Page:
My third great-grandfather, James Odgers, enlisted on 8 April 1865 in Company I of the 215th Pennsylvania Volunteers and was honorably discharged on 31 July 1865 at Fort Delaware.  He had served for the Union Army for more than 90 days, which qualified him for a pension from the United States Government.  He was asking for a pension due to a right side rupture-disease of his eye.

At the time of this filing, his attorney was W.V. Sickel.  His office was located at 729 Walnut Street, less than two miles from my third great-grandfather's residence on South 15th Street.  According to an ad in The Times newspaper on 7 September 1890, Mr. Sickel specialized in Pensions.

There are a couple things that I find interesting about this legal document.  One is that it refers to what we now call the Civil War as the war of the rebellion.  The other is that it lists a soldier's requirements under the Act of June 27, 1890 to qualify for a pension.  This is the first time I have seen them listed anywhere in my third great-grandfather's pension file.

Also, it is pretty amazing to see an ancestor's signature from over 129 years ago.






Monday, October 14, 2019

Department of the Interior

This form is from my paternal third great-grandfather's Civil War Pension File.  It is a letter to the Commissioner of Pensions in Washington, D.C. from a Mr. Mulholland in the U.S. Pension Department.  It reads:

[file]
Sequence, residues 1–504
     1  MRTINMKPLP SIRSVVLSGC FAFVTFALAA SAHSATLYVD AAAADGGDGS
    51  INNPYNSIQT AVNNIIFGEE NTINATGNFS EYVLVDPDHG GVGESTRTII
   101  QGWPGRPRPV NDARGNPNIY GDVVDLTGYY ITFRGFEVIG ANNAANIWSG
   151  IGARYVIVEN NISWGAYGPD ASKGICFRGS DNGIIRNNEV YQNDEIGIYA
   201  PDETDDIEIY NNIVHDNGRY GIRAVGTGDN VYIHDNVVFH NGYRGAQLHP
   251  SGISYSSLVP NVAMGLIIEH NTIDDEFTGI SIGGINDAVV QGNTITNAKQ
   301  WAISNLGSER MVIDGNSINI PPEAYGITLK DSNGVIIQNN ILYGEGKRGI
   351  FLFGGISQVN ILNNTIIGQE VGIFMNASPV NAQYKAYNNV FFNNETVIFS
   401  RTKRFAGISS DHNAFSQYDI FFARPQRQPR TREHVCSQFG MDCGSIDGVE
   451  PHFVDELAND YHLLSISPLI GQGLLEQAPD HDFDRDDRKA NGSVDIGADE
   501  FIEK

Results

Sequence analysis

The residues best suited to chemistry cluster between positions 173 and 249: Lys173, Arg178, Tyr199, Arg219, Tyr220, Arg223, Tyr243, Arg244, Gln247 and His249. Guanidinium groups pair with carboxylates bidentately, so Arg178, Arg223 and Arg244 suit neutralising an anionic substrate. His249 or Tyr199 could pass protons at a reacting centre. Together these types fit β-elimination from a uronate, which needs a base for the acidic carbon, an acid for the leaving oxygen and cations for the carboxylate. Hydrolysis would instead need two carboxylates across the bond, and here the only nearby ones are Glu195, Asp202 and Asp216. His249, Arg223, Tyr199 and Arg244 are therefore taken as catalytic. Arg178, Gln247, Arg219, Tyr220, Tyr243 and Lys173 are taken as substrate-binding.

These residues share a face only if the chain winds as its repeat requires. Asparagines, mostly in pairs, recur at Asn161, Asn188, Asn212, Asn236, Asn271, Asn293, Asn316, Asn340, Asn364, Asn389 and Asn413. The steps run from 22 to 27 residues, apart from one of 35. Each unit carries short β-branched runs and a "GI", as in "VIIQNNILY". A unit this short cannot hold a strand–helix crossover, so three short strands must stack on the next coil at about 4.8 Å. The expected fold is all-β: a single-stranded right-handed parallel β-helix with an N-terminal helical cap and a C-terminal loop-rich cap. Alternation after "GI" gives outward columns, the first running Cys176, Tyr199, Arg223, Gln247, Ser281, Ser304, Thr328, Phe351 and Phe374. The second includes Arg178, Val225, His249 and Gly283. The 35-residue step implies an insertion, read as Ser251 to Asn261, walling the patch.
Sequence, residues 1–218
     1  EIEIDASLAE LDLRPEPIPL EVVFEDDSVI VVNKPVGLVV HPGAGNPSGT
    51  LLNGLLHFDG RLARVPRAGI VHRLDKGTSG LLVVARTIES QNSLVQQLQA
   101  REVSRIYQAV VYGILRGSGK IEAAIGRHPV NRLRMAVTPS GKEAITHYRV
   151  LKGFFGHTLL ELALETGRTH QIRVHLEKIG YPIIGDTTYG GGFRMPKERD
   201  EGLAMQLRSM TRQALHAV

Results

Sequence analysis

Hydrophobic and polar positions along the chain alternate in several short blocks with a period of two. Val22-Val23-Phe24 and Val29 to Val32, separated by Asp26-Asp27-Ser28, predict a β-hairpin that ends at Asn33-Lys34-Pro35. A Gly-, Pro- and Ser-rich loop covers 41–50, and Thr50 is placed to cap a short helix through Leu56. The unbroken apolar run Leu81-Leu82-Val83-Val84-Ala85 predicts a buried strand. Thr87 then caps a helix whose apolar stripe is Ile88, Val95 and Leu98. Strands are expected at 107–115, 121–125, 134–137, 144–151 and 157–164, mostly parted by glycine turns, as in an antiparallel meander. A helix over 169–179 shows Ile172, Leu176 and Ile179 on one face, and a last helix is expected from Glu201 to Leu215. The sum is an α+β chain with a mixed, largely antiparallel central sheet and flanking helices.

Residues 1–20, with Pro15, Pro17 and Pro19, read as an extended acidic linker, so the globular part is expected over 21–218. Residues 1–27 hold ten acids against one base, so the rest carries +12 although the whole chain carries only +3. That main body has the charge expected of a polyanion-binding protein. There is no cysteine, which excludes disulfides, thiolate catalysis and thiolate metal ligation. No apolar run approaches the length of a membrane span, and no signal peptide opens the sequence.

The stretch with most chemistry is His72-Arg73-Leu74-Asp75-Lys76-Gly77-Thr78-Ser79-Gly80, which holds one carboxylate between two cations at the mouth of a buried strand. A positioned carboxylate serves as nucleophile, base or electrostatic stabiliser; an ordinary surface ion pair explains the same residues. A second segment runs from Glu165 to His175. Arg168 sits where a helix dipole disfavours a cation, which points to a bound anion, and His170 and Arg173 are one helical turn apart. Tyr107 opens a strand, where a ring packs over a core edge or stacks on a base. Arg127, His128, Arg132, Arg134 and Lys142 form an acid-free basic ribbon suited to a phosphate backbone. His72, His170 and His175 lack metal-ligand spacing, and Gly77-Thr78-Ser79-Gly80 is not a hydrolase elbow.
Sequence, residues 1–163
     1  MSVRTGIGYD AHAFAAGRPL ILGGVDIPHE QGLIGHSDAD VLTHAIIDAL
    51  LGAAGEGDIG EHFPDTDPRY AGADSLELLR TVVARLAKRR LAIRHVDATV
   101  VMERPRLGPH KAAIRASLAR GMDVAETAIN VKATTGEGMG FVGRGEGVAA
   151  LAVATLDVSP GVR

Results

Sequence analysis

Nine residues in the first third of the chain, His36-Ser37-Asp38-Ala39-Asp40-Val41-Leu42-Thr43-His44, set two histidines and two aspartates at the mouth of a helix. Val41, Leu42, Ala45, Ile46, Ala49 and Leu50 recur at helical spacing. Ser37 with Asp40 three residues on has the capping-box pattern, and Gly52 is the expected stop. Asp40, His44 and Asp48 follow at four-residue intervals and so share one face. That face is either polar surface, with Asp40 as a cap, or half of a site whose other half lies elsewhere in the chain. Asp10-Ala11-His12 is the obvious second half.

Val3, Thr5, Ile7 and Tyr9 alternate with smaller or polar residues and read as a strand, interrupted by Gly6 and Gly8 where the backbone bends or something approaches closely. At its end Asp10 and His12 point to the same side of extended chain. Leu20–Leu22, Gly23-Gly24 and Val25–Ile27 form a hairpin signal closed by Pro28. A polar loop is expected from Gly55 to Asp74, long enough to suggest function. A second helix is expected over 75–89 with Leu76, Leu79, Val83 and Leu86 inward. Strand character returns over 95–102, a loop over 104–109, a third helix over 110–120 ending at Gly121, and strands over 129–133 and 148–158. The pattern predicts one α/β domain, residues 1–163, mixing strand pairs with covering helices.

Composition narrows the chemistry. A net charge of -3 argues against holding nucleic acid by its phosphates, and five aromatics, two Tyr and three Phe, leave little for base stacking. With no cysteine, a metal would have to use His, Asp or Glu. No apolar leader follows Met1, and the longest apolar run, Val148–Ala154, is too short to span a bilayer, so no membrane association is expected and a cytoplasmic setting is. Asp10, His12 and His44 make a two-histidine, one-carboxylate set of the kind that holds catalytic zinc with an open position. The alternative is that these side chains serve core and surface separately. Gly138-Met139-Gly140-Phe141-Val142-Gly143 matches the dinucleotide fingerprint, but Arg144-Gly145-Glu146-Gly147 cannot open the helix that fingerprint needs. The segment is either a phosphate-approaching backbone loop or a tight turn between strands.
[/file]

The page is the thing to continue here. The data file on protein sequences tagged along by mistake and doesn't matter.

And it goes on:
I have the honor to report in the case of James Odgers, invalid, Act June 27, 1890, Certificate No. 700.375, that Mary Odgers, of 1416 S. 15th St, Philadelphia, Pa. was on Feb'ry 9, 1904, appointed as committee by the common please court, no 5, of Philadelphia County, State of Penna, pensioner having been adjudged a  lunatic.
So, my third great-grandmother had my third great-grandfather committed as a lunatic.  At first this sounds pretty harsh, but he was 69 years old and suffering from senility, decreasing eyesight, and rheumatism.  He may have gotten to the point where she was unable to care for him and she felt there was nothing else she could do.  He died in the state hospital less than three months later.


Tuesday, October 8, 2019

History of Claim

This History of Claim Form is from my third great-grandfather's Civil War Pension File and is filled with a lot of useful information.  His first and only service during the Civil War was with Company I of the 215 Pennsylvania Volunteer Infantry from 8 April 1865 to 31 July 1865, just shy of a total of four month of service.

He started with a pension of $6 a month on 2 September 1890 and was increased to $8 a month on 4 December 1891, due to a right hernia and impaired vision. Those eight dollars today would be worth about $225.55.  Also, an increase of pension was accepted on 7 February 1900.

He also asked for an increase in his pension on 30 June 1897 citing rheumatism, varicose veins and senility.  And there was a pending claim under general law that was filed 16 May 1893.

Accrued Pension Form of 13 September 1909

This Accrued Pension Form is found in the Civil War Pension File of my paternal third great-grandfather.  My third great-grandmother filed t...